Japan Teams up with WHO to Strengthen Campaign on Smoke Free Work Environment

The World Health Organization (WHO), in coordination with the Japan Cancer Society initiated a public campaign to encourage employers and workers alike to work together in order to create a smoke free work place in the Land of the Rising Sun.


Considering that Japan is currently hosting the 2019 Rugby World Cup and preparing for the much anticipated 2020 Olympic and Paralympic games, the World Health Organization (WHO) aspires to emphasize or highlight the necessity of abolishing second hand smoke in public areas.


Photo credit to: https://japantoday.com

In this regard, a number of Japanese firms and corporate establishments have already expressed their support to this program such as but not limited to Yahoo! Japan, Sompo Himawari Life Insurance, SoftBank, Autobacs Seven, Chikaranomoto Holdings, and Rohto Pharmaceutical.


The event launching the said campaign was held last October 15, 2019 at the National Cancer Center of Tokyo. It was attended by distinguished guests and personalities including the governor of Tokyo, Yuriko Koike and the World Health Organization Regional Director for the Western Pacific, Dr Takeshi Kasai.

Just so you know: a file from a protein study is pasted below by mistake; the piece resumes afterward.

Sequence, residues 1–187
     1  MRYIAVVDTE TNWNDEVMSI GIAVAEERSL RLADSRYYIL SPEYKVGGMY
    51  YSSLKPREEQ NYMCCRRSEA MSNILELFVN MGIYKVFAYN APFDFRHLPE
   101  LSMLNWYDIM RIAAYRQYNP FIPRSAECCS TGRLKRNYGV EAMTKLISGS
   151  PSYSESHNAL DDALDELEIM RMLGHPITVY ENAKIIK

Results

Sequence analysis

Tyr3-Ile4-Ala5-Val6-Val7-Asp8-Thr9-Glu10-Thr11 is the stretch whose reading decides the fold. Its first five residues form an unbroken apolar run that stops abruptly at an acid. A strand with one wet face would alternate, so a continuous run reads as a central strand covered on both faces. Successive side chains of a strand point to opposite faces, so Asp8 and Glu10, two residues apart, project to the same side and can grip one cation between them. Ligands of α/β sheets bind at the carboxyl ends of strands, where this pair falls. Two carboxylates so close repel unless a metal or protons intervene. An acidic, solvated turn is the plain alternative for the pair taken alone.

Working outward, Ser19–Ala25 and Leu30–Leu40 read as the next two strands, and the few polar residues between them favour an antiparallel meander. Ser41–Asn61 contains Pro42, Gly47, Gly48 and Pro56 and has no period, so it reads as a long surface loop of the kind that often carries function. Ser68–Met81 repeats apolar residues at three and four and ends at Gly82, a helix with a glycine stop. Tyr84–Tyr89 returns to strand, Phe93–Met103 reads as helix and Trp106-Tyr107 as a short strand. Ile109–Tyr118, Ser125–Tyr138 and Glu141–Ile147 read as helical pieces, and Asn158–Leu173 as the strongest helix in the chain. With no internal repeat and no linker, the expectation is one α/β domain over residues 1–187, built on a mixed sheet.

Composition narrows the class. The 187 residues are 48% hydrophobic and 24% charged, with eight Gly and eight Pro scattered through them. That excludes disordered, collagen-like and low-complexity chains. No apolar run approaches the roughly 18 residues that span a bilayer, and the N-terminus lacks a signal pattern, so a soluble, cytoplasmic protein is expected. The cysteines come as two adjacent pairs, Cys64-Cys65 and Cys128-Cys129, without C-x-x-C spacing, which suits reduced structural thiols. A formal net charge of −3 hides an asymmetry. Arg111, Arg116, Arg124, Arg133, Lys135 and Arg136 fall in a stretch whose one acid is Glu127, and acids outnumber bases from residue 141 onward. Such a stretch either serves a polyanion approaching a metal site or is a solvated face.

According to Dr. Kasai, “Tobacco use is one of the world’s leading preventable causes of death.  It kills 8 million people globally each year, including 1.2 million non-smokers who are exposed to smoke. In Japan, second-hand smoke alone kills 15,000 people every year. For businesses, smoking raises operational costs by adversely affecting workers’ health and productivity.”


In addition, Dr. Kasai emphasized that “With Japan in the global spotlight as the host of world-class sporting events, smoking should no longer be a question of manners; a 100% smoke-free environment is a global health standard. Japan’s citizens – and visitors to the country – deserve that protection.”


The international campaign on smoke free working environment was launched at the National Cancer Center because it was also where Dr. Takashi Hirayama introduced the world’s first research project regarding passing smoking and lunch cancer.


Reference: WHO and Japan Cancer Society launch campaign to create smoke-free workplaces in Japan


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